Cherokee County is one of four counties, out of 159 in Georgia, with a 6% sales tax. Every other county has a higher tax rate. But, where do those six pennies go? Four go directly to Georgia’s general fund and are implemented automatically under state law. Two were put in place by Cherokee County voters, and must be renewed on a regular basis. One goes to the education special-purpose local-option sales tax (E-SPLOST), which raises funds for capital investment in the Cherokee County School District to build schools, buy buses and keep the district’s infrastructure up to speed with our rapidly growing county. (For more information, flip to page 58.)
The last penny goes to the SPLOST, which is split between the county government and our cities, to fund road investment, public safety, parks and other infrastructure.
In November, Cherokee County voters face the important decision of whether or not to renew the SPLOST for another six years; it currently is set to expire in 2024. Prior to the ballot decision, county and city leaders met extensively to negotiate how and where the funds would be invested. The city of Woodstock has published our next SPLOST cycle priorities and, if voters renew the measure, we anticipate the city would receive $49.5 million over the six-year span. We would invest the funds as follows:
- Public Safety (Police and Fire) – $7.4 million
- Public Works (Transportation and Infrastructure) – $30 million
- Parks and Recreation – $9.4 million
- Communications and Technology – $685,000
- Parking and Transportation Improvements – $700,000
- Business, Economic Development, Land Acquisition, Infrastructure and Facilities – $1.1 million
In addition, there are several joint transportation projects that the county has agreed to fund here, in our city, out of its portion of the collections, and the entire county will benefit from an expansion of the Cherokee County Justice Center. Our county has doubled in population since the facility was built nearly 30 years ago, and the needs of our justice system have increased, as well.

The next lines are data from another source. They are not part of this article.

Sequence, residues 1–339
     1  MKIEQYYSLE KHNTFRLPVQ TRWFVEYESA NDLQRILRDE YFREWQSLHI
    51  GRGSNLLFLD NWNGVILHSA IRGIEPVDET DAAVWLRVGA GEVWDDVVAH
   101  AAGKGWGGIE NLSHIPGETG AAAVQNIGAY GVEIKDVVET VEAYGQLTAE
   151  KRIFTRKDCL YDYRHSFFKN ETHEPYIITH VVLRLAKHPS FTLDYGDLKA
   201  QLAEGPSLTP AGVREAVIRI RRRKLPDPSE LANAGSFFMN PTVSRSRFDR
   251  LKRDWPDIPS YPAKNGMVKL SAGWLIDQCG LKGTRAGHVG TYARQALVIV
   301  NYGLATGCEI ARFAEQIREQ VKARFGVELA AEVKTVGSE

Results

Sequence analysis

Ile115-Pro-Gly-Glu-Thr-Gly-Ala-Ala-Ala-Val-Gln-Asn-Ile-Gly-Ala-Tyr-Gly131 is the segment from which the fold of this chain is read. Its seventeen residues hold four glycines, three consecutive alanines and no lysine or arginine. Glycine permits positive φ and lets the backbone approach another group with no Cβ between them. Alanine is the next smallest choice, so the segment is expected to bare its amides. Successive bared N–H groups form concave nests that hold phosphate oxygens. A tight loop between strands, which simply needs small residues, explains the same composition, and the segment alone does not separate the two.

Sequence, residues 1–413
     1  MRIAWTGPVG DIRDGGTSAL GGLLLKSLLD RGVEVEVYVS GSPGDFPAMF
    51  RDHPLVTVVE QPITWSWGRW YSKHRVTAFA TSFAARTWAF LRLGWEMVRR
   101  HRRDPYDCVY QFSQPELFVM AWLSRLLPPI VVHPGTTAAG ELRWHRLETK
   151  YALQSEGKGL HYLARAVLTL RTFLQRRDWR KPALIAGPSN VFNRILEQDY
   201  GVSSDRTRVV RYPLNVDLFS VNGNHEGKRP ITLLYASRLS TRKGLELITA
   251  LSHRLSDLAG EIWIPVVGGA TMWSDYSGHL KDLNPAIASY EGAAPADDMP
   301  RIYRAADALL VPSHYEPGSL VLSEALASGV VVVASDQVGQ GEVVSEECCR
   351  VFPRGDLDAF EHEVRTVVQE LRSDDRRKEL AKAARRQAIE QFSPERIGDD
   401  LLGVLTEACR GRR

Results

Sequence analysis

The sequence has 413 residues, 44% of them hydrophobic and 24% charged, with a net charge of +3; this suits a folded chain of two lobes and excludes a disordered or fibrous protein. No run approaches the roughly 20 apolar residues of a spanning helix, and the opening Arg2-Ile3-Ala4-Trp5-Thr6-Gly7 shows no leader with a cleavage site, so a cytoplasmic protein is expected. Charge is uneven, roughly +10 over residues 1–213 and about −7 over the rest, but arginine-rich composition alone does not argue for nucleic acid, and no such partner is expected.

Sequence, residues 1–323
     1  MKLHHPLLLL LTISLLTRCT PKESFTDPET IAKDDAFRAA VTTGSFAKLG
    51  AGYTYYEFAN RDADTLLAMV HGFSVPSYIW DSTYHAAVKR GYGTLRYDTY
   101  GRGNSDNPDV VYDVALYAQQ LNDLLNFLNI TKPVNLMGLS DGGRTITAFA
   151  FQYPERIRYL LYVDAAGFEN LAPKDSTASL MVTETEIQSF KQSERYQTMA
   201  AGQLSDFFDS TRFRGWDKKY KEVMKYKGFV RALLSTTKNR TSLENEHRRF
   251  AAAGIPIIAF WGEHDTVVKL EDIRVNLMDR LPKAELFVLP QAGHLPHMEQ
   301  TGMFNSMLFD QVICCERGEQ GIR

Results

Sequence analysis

The lion’s share of our city’s investments are being made in transportation and public safety needs. This proposed SPLOST budget reflects a city whose priorities center on transportation, public safety, fiscal responsibility and a vibrant community.
I am proud of our staff and council for the hard work put into this investment plan, and for keeping Woodstock focused on the issues that matter most to our citizens. As most of these priorities are expenses that the city must make, whether or not the SPLOST is renewed, the SPLOST functions as a significant offset for our property taxes. It also is spread across sales made to residents of our county and visitors alike, which further lowers the tax burden on citizens of Woodstock. Were it not to be renewed, the result likely would be large property tax increases to replace the funds for these essential priorities, which is something that I know none of us is interested in seeing happen. The decision remains solely the voters’, though, and that is exactly as it should be.
The purpose of this article simply is to ensure you know where these funds would be invested in our city, and, most importantly, that you mark your calendars and vote. Your vote is your voice, and Nov. 8 is the day to make it heard. The great American experiment relies on your participation, and this year’s election cycle is important for so many reasons, the SPLOST decision being just one of them.
As always, it is an honor to serve as your mayor. If you have any questions or thoughts about the SPLOST, or any other issues in our great city, please don’t hesitate to reach out.
— Mayor Michael Caldwell
– Michael Caldwell is the 31st mayor of Woodstock, a retired state legislator, member of the Georgia Technology Authority, partner at Black Airplane, husband to Katie, and father to Oliver, Elizabeth and Charlotte.
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